The Crystal Herbalist by James Ng
Four years ago, James Ng was a digital artist with an interesting project that caught the eye of the steampunk community. His “Imperial Steamworks” series recreated an alternate world where the Qing dynasty was the leader of the 19th century Industrial Revolution. We featured him once on Tor back in 2009, and since then, James, who spends most of his time between Hong Kong and Vancouver, has been successful both in the art world and in the science fiction/fantasy community. His work has been featured in multiple magazines like OnSpec and Spectrum 18, books including The Steampunk Bible and Steampunk: The Art of Victorian Futurism, and art festivals in cities such as Moscow, Vancouver, Seattle, and Sydney.
I got the opportunity to touch base with James about his newest works and picked his brain for his thoughts about how his time with the steampunk community has influenced his artwork, and new turns he is taking professionally and artistically.
[Read “Crystal Herbalists & Zombie-Fighting Exorcists” on Tor.com]
Steampunk Panda as the Imperial Sheriff
I have been aware of Steampunk for some time but it was not until the tail end of the summer of 2011 that I decided to take a closer look and learn more about Steampunk. As I delved into the culture I noticed how it was very Victorian, based in the 19th century British culture. That was understandable seeing how it was based off of many early literatures that were set in those areas. However, the world does not revolve around one geographical location or ethnic background for that matter, and while life progresses in one location it invariably continues on elsewhere.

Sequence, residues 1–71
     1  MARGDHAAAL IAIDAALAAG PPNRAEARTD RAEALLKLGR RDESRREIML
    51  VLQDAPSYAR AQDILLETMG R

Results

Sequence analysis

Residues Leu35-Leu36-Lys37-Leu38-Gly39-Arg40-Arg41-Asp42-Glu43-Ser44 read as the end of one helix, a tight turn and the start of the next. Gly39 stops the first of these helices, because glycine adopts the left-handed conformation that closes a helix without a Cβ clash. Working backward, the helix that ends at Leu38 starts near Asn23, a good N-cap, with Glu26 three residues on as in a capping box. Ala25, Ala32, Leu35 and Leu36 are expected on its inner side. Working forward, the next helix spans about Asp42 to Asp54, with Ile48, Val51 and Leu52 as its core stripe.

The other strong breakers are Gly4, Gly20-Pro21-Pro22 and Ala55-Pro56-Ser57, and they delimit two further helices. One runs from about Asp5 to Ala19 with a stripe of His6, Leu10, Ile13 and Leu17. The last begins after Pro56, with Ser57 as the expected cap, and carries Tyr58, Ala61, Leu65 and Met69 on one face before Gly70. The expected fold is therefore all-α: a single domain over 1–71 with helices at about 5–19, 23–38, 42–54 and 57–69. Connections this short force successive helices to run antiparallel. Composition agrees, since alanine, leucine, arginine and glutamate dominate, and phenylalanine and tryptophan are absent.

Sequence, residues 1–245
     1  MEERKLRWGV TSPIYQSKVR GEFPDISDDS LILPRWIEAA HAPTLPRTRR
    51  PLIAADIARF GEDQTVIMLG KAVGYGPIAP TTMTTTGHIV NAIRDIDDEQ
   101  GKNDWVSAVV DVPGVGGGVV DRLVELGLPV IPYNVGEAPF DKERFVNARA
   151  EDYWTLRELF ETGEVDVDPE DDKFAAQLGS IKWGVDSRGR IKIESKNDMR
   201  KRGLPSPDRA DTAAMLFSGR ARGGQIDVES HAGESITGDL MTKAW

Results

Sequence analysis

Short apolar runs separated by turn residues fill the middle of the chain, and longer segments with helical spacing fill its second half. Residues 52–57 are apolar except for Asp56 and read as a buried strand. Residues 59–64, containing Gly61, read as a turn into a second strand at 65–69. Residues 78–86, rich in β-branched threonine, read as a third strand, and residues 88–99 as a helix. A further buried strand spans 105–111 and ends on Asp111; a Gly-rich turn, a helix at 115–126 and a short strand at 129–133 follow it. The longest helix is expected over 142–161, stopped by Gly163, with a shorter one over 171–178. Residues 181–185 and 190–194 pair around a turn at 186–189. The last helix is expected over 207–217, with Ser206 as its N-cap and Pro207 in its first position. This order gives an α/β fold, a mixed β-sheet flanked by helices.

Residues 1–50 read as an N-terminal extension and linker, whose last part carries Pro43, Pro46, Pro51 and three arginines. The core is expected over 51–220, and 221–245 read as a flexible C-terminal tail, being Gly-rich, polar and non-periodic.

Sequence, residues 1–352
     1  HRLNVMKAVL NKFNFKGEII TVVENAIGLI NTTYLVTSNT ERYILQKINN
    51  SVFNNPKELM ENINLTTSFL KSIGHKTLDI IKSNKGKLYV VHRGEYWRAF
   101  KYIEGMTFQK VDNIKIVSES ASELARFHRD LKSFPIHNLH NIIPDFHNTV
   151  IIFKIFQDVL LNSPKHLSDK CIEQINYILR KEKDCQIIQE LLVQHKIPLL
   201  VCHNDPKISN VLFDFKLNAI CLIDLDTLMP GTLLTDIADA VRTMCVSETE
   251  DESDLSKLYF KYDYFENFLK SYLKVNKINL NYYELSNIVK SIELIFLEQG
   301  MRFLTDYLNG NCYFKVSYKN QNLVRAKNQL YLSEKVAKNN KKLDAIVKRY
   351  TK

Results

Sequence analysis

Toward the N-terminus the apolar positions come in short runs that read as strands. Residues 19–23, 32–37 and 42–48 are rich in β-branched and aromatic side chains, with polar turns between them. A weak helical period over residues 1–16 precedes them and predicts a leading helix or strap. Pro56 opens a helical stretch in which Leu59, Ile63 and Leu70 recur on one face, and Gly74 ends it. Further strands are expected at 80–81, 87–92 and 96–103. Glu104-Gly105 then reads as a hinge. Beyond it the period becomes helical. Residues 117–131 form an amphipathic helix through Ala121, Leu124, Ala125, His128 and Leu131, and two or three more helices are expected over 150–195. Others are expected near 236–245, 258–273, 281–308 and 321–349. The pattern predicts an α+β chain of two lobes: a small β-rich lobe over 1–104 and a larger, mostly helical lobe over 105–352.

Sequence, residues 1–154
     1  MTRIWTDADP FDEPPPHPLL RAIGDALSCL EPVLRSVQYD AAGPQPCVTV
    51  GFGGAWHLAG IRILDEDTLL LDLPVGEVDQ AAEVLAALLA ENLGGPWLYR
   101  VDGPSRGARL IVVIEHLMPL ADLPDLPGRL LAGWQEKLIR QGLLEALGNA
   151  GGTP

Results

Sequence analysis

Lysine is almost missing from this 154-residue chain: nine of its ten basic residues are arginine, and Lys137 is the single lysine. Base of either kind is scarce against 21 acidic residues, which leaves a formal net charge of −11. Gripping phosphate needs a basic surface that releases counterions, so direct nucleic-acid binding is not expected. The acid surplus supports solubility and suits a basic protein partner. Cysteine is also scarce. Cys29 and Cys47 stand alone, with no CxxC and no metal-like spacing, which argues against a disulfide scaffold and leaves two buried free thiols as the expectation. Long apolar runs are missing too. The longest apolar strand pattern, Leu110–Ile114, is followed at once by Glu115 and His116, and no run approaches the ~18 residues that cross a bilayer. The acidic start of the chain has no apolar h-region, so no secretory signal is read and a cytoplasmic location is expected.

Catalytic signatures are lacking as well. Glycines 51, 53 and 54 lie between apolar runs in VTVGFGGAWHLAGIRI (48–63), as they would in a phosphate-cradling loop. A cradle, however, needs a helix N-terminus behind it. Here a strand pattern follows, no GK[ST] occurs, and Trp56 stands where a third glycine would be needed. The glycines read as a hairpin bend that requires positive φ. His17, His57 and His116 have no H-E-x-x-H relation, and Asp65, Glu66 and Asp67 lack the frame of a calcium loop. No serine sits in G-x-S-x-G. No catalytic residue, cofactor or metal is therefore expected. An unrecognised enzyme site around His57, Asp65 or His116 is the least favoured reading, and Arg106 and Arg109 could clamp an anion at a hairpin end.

So for Steampunk to be only Victorian or only British I found that rather stifling and ethnocentric, which from what I had started to learn of the subculture was not what it wanted to do, but rather be an inviting and accepting one. Perhaps it was the fact that people were uncertain of how to approach other ethnicities with the Steampunk culture without being offensive. Especially in a time period where racism was not only prevalent but well practiced.
Being new to Steampunk and wanting to take my own twist to it I looked at my own heritage of Chinese culture and doing some cursory research as to what was going on in China during the 19th century. It was the time of the Opium Wars, the Boxer Rebellion, and in America the railroads were being laid down by my ancestors. It was a time period I was somewhat familiar with albeit slightly romanticized and dramatized from all the Hong Kong and Chinese cinemas I watched growing up as a child. Still the clothes and some of the basics of the culture at the time were there.
James Ng’s Imperial Sheriff
As I researched further into Steampunk to find connections to Asian culture I looked to see if others had gone down this path before me. It would seem that for the most part when looking for Asian and Steampunk on the internet more often than not it was found that Asians were in a European/British style outfit or even perhaps a person wearing a kimono with a corset over it. This does not detract from the fact that even during that time period there were indeed many Asians who wore European/British stylings back then as Western culture was placing its influence over the native Asian culture. What it did was inspire me to find a way to express what it would have been like in Asia without the western influence.
It would be during my research that I would happen upon an artist who would be my catalyst and inspiration towards my goal of expressing a truly Asian themed Steampunk outfit. James Ng and his Imperial Steamworks series is truly awe inspiring and a solid foundation for which Asian Steampunk can develop from. It was the discovery of his work that allowed me to feel not alone in the ideas and concept of Asian Steampunk and legitimized for me this evolutionary path for it, and that I hope to see this path flourish by spreading it any way I could.
With his permission I took it upon myself to bring one of his creations to life, his Imperial Sheriff.